Other concerns are slipping and safety issues with polished stone in public spaces with the rain; [metal] supports behind the stone should be stainless steel; and recognizing the thicknesses that stones are available in and are appropriate to the application. When you are dealing with exterior stone, don't think you can put 3Â¿inch on the outside of the building. You have to allow for quite a dimension, because the stones are available just for transportation purposes in certain thicknesses. Then you have to allow for a backup and other issues. So it takes quite a bit of dimension to put a stone veneer on.
SW: In your projects, obviously a lot of thought goes into the way that you detail stone. From talking with other architects, it doesn't seem that there is much education on stone detailing in architecture school. How do you learn that?
Taylor: Well, basically, architecture is a difficult profession because you have to learn a little bit about a tremendous number of things. And then, you are supposed to be held liable from a life-safety standpoint for any one of those things. Fortunately, there is a process of shop drawings for these. I think, in truth, you learn in any of the fields through the trades that submit shop drawings, and when you have to review them, you're checking it for the design intent, but they may have modified your design intent because there are some practical issues that they have to deal with. So when you are naive in the beginning, you say, "Hey, I'm the architect, I have a vision that goes like this." The guy says, "Well, that's a great vision, but it can't be built." The real education, I believe, comes through the communication through the shop drawing process through the trade and the architect.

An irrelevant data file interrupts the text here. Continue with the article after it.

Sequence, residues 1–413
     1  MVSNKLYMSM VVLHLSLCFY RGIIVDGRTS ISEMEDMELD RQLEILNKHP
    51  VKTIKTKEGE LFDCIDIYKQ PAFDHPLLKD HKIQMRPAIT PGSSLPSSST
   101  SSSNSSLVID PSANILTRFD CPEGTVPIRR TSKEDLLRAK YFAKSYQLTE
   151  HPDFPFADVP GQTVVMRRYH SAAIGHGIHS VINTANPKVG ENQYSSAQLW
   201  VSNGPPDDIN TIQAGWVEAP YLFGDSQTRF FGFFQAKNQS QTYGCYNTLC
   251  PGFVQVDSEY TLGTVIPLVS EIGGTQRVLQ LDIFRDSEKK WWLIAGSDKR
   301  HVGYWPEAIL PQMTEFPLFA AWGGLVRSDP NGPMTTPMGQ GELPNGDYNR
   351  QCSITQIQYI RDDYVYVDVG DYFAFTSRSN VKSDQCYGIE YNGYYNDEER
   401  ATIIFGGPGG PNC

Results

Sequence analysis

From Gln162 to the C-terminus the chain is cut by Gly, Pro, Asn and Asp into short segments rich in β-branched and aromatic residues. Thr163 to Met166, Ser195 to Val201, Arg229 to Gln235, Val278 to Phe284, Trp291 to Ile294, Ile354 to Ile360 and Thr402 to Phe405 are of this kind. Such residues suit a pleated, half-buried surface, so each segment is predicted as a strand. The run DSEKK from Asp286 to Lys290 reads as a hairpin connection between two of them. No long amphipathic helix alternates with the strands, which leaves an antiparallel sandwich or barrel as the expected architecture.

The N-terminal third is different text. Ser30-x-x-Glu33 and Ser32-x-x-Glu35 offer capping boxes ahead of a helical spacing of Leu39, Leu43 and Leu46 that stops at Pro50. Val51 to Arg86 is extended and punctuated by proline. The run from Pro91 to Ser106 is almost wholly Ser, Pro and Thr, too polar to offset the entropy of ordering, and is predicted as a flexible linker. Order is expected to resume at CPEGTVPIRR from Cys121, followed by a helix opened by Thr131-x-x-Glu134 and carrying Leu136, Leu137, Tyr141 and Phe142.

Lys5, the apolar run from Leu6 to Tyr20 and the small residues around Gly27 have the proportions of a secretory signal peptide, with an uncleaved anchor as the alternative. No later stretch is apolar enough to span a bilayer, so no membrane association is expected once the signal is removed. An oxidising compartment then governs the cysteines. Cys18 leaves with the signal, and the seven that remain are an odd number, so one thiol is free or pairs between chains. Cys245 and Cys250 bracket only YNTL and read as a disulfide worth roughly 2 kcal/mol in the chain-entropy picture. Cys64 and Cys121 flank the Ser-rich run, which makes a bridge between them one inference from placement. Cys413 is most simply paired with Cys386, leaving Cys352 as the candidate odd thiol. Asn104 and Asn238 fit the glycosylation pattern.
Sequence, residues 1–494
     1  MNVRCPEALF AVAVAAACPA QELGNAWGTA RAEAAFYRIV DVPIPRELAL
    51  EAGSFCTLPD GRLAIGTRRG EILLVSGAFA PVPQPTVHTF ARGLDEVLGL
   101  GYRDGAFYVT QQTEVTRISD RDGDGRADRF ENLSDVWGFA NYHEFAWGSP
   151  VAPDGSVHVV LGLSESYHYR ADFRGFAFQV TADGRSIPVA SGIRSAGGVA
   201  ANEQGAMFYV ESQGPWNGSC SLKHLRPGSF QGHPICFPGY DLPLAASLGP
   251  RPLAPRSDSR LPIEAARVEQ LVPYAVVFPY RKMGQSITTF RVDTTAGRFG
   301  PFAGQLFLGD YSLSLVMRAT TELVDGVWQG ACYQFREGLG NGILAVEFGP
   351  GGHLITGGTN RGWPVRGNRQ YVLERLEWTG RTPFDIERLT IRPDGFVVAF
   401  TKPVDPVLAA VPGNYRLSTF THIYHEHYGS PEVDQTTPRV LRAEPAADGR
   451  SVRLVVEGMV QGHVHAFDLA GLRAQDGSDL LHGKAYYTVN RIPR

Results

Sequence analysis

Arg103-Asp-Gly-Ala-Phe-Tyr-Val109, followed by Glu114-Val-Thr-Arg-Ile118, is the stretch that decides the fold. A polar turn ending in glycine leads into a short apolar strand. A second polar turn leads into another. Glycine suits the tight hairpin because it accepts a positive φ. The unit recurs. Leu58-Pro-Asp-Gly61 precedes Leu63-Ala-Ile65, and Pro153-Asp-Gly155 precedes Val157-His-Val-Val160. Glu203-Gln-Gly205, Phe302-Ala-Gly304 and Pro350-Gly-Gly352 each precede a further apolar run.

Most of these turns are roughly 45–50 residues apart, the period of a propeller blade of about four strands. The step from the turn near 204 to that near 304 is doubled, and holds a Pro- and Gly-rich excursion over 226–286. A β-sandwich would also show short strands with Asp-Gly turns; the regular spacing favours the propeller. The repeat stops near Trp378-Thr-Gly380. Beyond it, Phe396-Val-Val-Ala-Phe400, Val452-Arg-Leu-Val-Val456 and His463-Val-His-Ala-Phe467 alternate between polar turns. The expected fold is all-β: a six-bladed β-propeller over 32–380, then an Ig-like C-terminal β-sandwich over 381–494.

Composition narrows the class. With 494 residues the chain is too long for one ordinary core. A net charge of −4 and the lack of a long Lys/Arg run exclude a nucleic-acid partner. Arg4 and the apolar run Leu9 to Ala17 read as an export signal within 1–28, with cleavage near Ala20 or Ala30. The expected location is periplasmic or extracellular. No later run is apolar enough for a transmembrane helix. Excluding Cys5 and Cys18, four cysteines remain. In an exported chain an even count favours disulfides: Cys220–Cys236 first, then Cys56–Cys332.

An architect's education really takes about 20 years. You have to build one of each building type before you really know anything.
Parker: And it doesn't really end there. If you're not curious about everything, you can't really be a good architect. We are very lucky here in New York City that we have so many wonderful examples of stone architecture. Every time that I walk down the street, I see some new little thing, and I might stop and look at it. Sometimes it is a traditional detail, and sometimes it is when someone did it a little different than the tradition, and you notice what works and doesn't work. Also, we sometimes have people that we can partner with or people we have worked with before that we can rely on and call. We usually have positive experiences with contractors. We usually don't go to war with them. We find that to be a positive way of working. So we have stone people that we can ask questions. I'm pretty lucky myself, because I married into a stone/contracting family -- A. Ottavino Corp., in Ozone Park, NY. They're in their third generation.